As I mentioned in a previous post I was able to attend the first in the spring series of lectures at the NEAq (which, by the way, are free and open to the public thanks to the Lowell Institute. A list of upcoming lectures can be found here). The title of the lecture was “Healthy Oceans, Healthy Humans” and was given by Kathleen Frith of
The first thing she did was show a short film they have developed called “Once Upon a Tide” which is intended for museums, zoos, aquariums as well as classrooms. There’s a curriculum package that goes along with the film as well. You can view the film in its entirety on the website: www.healthyoceans.org.
Most of the lecture afterwards and the short Q+A session dealt with familiar themes of the un-sustainability of current fishing practices, climate change and its role in the decline of ocean health and, luckily, what we can do in our daily lives and what others around the world are already doing to mitigate the (excuse my alarmism) unbridled disaster we currently find ourselves in.
Frith puts human health’s relationship to the ocean into three categories, which when she first announced I found vague and too similar. They are that the ocean 1) nourishes, 2) heals and 3) sustains. When she went into further detail about the differences they started to make more sense as clear categories. The nourishing aspect is all about food we get from the ocean. She spoke about how great seafood is, how it’s a great source of healthy protein and omega-3 fatty acids. But the obvious flip side is that most of our fishing practices are woefully abusive to the ocean ecosystems, the food is often filled with toxic mercury and other chemicals and that even the outlets which we perceive to be doing the “right” thing, e.g. Whole Foods, have mostly un-sustainable seafood available. She spoke here about diet in more general terms as well, providing another Harvard Medical School resource, www.thenutritionsource.org and repeated the mantra of Michael Pollan, “eat food, not too much, mostly plants.” Making our diet mostly vegetarian will ideally help efforts of sustainable seafood consumption. The less we eat individually the more we will have to share with others. You can also learn about making good seafood choices on the NEAq’s website.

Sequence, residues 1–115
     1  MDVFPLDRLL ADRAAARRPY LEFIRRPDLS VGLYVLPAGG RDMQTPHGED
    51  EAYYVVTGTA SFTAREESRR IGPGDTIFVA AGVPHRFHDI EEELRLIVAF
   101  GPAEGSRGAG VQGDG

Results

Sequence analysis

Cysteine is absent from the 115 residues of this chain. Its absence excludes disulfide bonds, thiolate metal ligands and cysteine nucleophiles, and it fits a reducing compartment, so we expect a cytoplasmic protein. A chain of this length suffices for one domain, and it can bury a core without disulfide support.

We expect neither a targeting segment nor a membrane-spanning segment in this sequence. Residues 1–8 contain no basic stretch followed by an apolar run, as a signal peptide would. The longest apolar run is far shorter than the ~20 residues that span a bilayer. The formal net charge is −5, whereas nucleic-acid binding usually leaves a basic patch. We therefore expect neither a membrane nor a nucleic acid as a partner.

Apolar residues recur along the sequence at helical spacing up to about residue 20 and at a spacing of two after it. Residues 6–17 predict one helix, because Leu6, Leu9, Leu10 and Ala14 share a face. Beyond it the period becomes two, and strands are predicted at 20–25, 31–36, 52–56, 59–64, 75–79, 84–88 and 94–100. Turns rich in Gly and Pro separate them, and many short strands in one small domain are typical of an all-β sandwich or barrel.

The second category, how the ocean heals us, was all about medicine. Specifically she talked about cone snails. These amazing mollusks are capable hunters of fish. They crawl up towards the unsuspecting prey and fire a toxic dart, instantly paralyzing the animal. They are then free to devour their food at the slow snail pace. They are so toxic that they have even been, on occasion, known to be fatal to humans. Each species of cone snails has its own cocktail of toxins, known as conotoxins, which are extremely biologically active compounds. Researchers are now fully engaged in how they might utilize the 70,000 or so known conotoxins. The first success is a new medicine called prialt which is a treatment for chronic pain. Unlike opiates it does not have a problem with tolerance or addictive properties. Also those folks who may be allergic to opiates finally have more options for pain relief. The problem is that if we continue to change our oceans at the rate we are we could lose a large number of species before researchers have a chance to find out if their conotoxins can be used for new breakthrough medicines.